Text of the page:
A Hammer to the Skull
Days before I saw that traumatic arm-amputation clip on my phone, I was rummaging around for an old file in the digital folders of a cloud-storage service. I noticed a folder of mine labeled “Graphic photos DRC.” I had uploaded those images — dozens of people butchered as if they were meat — while I was in the Democratic Republic of Congo in 2018. Back then, I needed to get the images off my phone but carefully labeled the folder as a warning to my editor back in the U.S., who was monitoring the material, about what lurked in that innocuous-looking digital version of a manila folder.
Not long after finding that cache of Congo carnage, I needed to contact a source via a messaging platform. I didn’t realize that it was several years since we had communicated via that app and that our last “conversation,” still sitting there, included a photo of the corpse of a colleague who had been shot through the head.
I have many other atrocity photos on thumb drives, portable hard drives, and external hard drives that sit on my desk. I know some of those photos by heart. A few from the research I did for my book Kill Anything That Moves on American war crimes in Vietnam have resided somewhere deep in the recesses of my skull for close to 20 years. Several of them that I found in the U.S. National Archives were glossy photos of the victims of an American ambush. The dead were officially reported as enemy troops, but the investigation and those photos made it clear that they were just average Vietnamese civilians — men, women, and children.
One image burned into my brain is of a young Vietnamese boy lying lifeless on a forest floor. His glassy eyes, still open, evoke an enigmatic sense of serenity. It could be an art photo if you didn’t know that parts of his body had been obliterated by bullets and landmine fragments.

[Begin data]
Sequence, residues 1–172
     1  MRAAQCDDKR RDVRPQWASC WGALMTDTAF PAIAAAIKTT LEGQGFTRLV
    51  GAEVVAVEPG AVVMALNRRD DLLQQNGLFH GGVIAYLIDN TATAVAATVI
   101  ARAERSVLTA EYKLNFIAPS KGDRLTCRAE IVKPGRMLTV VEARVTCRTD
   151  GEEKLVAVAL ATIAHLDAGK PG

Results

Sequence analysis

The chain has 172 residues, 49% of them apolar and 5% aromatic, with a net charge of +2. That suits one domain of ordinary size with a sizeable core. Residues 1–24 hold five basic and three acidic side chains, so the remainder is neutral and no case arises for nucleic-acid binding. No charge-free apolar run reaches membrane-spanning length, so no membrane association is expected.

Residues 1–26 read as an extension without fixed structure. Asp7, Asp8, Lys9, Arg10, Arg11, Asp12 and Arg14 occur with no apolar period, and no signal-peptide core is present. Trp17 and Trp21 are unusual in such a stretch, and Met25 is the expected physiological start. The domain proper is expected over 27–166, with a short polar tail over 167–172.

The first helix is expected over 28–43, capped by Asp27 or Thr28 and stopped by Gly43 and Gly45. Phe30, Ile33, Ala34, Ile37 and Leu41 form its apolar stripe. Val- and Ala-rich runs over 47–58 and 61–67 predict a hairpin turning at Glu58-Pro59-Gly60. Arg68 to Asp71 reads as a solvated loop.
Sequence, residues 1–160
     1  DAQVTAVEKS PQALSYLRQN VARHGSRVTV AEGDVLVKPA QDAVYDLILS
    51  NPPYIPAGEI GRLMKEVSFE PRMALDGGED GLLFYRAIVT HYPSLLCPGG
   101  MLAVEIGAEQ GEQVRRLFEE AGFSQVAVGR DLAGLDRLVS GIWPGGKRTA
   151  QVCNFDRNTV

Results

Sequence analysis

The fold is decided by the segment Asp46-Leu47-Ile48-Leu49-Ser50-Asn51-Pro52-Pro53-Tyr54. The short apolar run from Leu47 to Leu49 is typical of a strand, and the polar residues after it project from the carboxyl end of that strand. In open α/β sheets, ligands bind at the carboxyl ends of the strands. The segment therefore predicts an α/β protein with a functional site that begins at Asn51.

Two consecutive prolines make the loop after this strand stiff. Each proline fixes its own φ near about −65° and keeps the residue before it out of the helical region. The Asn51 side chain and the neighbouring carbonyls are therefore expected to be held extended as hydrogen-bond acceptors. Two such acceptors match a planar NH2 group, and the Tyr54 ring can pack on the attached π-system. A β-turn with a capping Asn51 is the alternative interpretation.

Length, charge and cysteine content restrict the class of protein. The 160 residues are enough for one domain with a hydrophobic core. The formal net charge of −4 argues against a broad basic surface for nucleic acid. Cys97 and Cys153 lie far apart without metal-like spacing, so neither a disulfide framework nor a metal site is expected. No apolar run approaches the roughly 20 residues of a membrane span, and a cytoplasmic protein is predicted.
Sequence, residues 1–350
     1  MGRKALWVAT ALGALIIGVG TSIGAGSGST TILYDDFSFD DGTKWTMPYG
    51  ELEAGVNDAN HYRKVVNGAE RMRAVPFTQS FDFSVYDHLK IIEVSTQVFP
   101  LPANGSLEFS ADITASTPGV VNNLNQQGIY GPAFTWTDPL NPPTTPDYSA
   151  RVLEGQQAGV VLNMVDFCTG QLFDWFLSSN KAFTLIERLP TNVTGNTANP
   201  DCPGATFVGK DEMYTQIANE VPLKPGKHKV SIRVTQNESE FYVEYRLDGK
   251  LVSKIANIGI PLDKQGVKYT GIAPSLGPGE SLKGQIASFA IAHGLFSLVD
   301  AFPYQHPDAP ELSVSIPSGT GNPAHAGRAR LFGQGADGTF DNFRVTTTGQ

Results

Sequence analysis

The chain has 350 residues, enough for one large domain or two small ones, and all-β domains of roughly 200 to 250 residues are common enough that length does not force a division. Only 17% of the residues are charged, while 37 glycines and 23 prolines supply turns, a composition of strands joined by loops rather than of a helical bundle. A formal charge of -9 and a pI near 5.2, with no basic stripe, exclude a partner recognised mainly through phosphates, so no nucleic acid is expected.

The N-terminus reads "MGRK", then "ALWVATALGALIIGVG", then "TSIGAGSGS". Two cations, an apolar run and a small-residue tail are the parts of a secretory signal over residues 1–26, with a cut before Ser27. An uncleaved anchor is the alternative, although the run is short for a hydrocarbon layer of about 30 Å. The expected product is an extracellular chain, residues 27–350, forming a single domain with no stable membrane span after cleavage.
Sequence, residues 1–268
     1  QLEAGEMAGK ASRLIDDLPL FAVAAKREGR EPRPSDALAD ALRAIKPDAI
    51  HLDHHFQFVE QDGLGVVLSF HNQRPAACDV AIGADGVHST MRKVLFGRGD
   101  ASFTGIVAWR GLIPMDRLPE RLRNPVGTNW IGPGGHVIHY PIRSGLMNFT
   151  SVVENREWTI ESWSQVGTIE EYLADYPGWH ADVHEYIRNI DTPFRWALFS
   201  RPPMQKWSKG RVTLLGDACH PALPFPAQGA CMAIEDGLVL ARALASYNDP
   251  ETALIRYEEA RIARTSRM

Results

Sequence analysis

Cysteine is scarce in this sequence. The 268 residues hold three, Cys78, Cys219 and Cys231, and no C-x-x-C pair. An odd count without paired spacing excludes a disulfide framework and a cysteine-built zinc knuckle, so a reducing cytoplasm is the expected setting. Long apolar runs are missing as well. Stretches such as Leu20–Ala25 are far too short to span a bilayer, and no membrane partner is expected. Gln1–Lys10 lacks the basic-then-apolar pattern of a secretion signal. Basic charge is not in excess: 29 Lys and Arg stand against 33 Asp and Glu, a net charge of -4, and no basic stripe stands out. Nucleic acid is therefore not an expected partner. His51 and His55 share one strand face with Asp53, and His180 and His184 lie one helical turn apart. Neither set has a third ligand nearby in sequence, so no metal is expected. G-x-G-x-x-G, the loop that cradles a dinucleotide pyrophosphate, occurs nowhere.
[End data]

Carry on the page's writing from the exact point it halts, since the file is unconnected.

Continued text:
Newer photos stick with me, too, like one of a heap of mostly headless bodies that no one could mistake for art, for example. I could go on, but you get the picture — or rather, I got the pictures.
I once interviewed a Vietnam veteran who had kept grisly war trophies — a small collection of atrocity images — corpses of those his unit had killed, some visibly mistreated.
In Vietnam, a surprising number of American troops amassed such photos and made grim scrapbooks out of them. Some also collected actual body parts — scalps, penises, teeth, fingers and, most commonly of all, ears. For others, like this man, the preferred anatomical souvenirs were skulls.
That veteran had held onto those war “trophies” for most of his life but, ever more aware of his advancing age, he confessed to me that one day — soon, but not yet — he needed to burn the photos and take a hammer to the skull. He didn’t want his daughter to find them when, after his death, she came to clean out his home.
For years, I wondered what it must have been like for that man to live with the skull of a Vietnamese man or woman, to wake up every morning with that specter of atrocity in his home. Only years later did I begin to grasp that I might have some idea of what that was indeed like.
I’ve never actively collected war trophies, of course. I’ve left every skull, every corpsethat I’ve encountered as I found it. But I’ve nonetheless amassed a horrific collection of war porn, far larger than anything that Vietnam veteran had.
While I don’t have a human skull in my closet, my atrocity collection is arguably far more gruesome. That veteran’s collection is still and silent, but the screams of the victims, people being butchered alive on video, are part of my collection. His trophy skull sat on a shelf hidden from view, while my compendium of horrors is scattered about my computer, cloud storage, my phone, my message chains — the totality of my digital life.
That man’s collection was finite and contained, the product of one war and one year of military service many decades ago. Mine lives with me and grows by the week. While I was writing this article, another video clip arrived. It’s horrific. At first, I couldn’t tell if the woman was dead or alive. The answer only became clear when… On second thought, you’re better off not knowing.
Nick Turse is the managing editor of TomDispatch and a fellow at the Type Media Center. He is the author most recently of Next Time They’ll Come to Count the Dead: War and Survival in South Sudan and of the bestselling Kill Anything That Moves.
This article is from TomDispatch.com.
The views expressed are solely those of the author and may or may not reflect those of Consortium News.